For me this sense of the goal lies in a sense for a non-contructed reality. A non build up reality. The unfabricated. That what is not seen arising, ceasing and changing. Something that is not buid-up and does not desintegrate. A kind of stable element in life.
But, this is what others see as the nightmare, wrong view, and believe this is the same as a doctrine of atta. That is not true, i believe. Because the acknowledgement of a stable element is not the same as the acknowledgment that this stable element is an entity like thing and in controll.
Knowing and seeing this unconditioned element is in EBT seen as a must (MN115). One does not have to take this wording ‘element’ literally. It just refers to seeing that an aspect of life is stable and another is unstable.
I never had the impression that Buddha says that there is only instability to see, discover and know.
But, i see that a lot of people believe that to postulate something stable, something that is not seen arising and ceasing, is the same as having a doctrine of atta. I do not believe this. Atta has a totally different meaning and the anatta lakkhana sutta reveals this.
I also do not believe this is a eternalist view or a partly eternalist view like believing that ones soul is eternal.
But is its existence really affirmed?
“Atthi” can convey a strong sense of indicating “something” – but then everything else in the sutta is described in negatives, as non-existences.
It’s as if the Buddha was starting with a Brahmanical assertion of a permanent kind of Self and then pulled the rug out with all the descriptors being negations.
In either case, the emphasis of the sutta seems to lie in these negations.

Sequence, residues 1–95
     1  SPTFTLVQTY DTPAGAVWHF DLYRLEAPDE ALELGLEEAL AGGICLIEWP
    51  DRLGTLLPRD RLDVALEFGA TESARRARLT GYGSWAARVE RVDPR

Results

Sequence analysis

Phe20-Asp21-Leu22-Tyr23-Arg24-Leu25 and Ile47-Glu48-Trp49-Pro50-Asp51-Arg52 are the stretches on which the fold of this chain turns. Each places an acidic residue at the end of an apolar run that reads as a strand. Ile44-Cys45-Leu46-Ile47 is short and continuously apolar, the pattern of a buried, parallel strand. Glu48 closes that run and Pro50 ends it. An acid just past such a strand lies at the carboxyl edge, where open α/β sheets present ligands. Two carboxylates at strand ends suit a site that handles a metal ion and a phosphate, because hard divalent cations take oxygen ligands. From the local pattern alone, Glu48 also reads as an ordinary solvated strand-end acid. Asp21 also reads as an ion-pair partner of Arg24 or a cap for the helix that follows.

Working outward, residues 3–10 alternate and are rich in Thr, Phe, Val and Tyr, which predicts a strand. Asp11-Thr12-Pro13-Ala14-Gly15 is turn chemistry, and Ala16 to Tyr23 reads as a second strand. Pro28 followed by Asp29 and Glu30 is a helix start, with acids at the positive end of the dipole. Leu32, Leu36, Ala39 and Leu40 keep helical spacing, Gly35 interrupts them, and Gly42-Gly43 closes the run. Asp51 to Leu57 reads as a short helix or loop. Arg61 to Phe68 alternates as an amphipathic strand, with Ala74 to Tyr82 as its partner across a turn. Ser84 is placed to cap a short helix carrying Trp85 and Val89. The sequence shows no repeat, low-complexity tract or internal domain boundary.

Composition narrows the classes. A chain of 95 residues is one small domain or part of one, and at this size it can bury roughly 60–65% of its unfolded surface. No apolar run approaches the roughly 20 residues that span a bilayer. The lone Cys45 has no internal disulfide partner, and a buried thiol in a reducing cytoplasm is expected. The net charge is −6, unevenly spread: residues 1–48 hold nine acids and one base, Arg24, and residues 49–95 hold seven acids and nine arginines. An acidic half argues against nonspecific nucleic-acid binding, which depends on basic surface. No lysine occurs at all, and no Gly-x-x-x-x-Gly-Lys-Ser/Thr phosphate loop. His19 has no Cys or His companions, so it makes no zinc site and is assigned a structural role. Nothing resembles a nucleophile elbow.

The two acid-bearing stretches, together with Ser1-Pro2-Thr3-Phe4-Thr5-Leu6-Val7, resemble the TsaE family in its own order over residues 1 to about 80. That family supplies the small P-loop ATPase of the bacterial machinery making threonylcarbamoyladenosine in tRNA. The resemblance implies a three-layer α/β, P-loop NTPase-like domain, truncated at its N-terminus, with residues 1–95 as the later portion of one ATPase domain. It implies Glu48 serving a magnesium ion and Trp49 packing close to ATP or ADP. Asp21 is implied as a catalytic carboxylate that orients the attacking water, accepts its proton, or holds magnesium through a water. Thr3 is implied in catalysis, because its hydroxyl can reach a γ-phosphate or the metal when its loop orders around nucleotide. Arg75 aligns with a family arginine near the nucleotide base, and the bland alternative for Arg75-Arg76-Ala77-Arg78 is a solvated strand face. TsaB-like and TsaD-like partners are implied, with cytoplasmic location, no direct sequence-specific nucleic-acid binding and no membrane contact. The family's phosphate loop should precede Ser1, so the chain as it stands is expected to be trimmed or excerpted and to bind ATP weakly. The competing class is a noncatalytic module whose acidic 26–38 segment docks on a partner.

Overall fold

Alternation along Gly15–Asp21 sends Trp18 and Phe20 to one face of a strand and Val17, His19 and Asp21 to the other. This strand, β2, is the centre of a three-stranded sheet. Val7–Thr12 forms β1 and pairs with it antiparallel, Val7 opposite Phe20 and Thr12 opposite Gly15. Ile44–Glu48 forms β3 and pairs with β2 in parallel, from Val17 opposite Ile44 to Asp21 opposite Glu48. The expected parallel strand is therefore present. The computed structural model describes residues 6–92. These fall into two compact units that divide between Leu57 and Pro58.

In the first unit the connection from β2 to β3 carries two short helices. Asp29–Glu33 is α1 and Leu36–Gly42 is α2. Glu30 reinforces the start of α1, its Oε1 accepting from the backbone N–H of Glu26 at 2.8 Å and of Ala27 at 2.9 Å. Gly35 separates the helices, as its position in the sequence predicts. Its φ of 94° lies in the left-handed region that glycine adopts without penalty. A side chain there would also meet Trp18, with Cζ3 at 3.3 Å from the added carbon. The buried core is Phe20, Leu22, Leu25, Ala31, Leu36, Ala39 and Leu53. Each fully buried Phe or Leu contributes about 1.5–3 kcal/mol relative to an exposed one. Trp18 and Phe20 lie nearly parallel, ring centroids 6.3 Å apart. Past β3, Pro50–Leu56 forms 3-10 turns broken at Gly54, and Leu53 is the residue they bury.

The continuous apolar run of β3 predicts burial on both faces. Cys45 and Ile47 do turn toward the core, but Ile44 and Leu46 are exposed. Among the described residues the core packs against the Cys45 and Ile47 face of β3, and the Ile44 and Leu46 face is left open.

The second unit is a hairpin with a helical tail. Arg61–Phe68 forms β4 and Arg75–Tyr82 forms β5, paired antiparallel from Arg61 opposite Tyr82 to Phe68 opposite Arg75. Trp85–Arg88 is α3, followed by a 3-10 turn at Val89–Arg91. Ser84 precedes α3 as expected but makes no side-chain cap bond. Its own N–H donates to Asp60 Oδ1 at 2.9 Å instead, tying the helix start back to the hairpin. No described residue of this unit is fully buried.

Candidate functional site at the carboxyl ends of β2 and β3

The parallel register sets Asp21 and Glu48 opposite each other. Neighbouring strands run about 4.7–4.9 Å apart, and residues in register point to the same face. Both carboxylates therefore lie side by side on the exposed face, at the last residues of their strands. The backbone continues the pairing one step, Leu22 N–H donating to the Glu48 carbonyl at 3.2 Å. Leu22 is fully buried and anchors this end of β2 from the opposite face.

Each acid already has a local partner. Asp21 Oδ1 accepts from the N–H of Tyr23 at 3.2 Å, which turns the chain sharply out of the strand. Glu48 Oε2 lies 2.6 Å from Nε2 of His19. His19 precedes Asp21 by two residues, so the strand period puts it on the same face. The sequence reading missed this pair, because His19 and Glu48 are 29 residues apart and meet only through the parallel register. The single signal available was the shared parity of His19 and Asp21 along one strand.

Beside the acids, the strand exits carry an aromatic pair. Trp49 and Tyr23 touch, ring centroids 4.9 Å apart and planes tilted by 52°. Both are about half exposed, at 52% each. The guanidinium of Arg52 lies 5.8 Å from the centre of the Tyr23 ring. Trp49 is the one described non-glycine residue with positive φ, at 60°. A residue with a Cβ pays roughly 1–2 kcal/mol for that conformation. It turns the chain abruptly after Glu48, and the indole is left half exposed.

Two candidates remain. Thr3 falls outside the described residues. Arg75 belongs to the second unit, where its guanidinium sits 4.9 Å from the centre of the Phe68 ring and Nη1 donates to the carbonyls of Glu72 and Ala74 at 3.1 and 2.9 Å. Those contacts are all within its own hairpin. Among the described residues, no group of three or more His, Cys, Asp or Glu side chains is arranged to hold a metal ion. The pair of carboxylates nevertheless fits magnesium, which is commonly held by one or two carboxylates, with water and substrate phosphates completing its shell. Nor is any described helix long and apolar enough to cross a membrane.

Also, as KR Norman and Venerables Brahmali, Sunyo, and Sujato have written, the negating “a” prefix before words like jāti here are likely privatives that point not to an existence like “an unborn” but rather to “freedom from birth” or “without birth.” In other words, a complete absence of “x.”
When translated and understood in this way, nibbāna is not reified into a kind of existence, but rather fits with the Buddha’s many teachings on cessation.
No one denies bliss and peace. Nor do the suttas I quoted which specifically addressed bliss.
The sutta’s teachings on bliss may not align with a person’s personal wishes or opinions about final nibbāan and bliss – but consider: if there’s not even nothing, what dukkha can be present?
And the Buddha’s teachings are about the final cessation of all dukkha, yes?
True. But this applies only when a being is alive – meaning all the khandhas are present. Not after all the kahndhas cease with final nibbāna.
Also, the khandhas are selfless processes, so:
When processes change so that the processes of vision are no longer present, the processes of the other senses and the khandhas are still present – and so a conditional being can be said to remain. Meaning the processes of dukkha remain.
But not after final nibbāna.
Practically what is the difference between an unborn and freedom from the born? Those sound like the same thing. In Buddhist terms existence being the continuation of craving and clinging I don’t think we could call Nibbāna a “existence”. However does this really negate their being an unconditioned element or “thing” for lack of a better word.
Without that I feel like I’m having real doubts about my faith, because freedom from birth can just as easily be accepted by a materialist doctrine. A YOLO doctrine also provides freedom from birth and death sort of.